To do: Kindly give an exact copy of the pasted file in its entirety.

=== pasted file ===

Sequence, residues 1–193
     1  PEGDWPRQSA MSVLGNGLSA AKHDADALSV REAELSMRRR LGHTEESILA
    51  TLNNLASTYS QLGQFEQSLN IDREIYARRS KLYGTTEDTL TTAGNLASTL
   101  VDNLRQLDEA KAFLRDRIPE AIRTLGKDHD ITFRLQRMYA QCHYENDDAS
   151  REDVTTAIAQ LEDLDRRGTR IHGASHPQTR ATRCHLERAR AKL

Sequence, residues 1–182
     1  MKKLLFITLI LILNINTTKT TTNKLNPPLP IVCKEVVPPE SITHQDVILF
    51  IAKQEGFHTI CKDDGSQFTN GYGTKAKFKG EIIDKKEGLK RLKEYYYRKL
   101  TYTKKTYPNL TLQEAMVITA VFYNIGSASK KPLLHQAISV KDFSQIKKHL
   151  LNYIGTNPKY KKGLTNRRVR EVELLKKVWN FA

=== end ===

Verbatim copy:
Sequence, residues 1–193
     1  PEGDWPRQSA MSVLGNGLSA AKHDADALSV REAELSMRRR LGHTEESILA
    51  TLNNLASTYS QLGQFEQSLN IDREIYARRS KLYGTTEDTL TTAGNLASTL
   101  VDNLRQLDEA KAFLRDRIPE AIRTLGKDHD ITFRLQRMYA QCHYENDDAS
   151  REDVTTAIAQ LEDLDRRGTR IHGASHPQTR ATRCHLERAR AKL

Sequence, residues 1–182
     1  MKKLLFITLI LILNINTTKT TTNKLNPPLP IVCKEVVPPE SITHQDVILF
    51  IAKQEGFHTI CKDDGSQFTN GYGTKAKFKG EIIDKKEGLK RLKEYYYRKL
   101  TYTKKTYPNL TLQEAMVITA VFYNIGSASK KPLLHQAISV KDFSQIKKHL
   151  LNYIGTNPKY KKGLTNRRVR EVELLKKVWN FA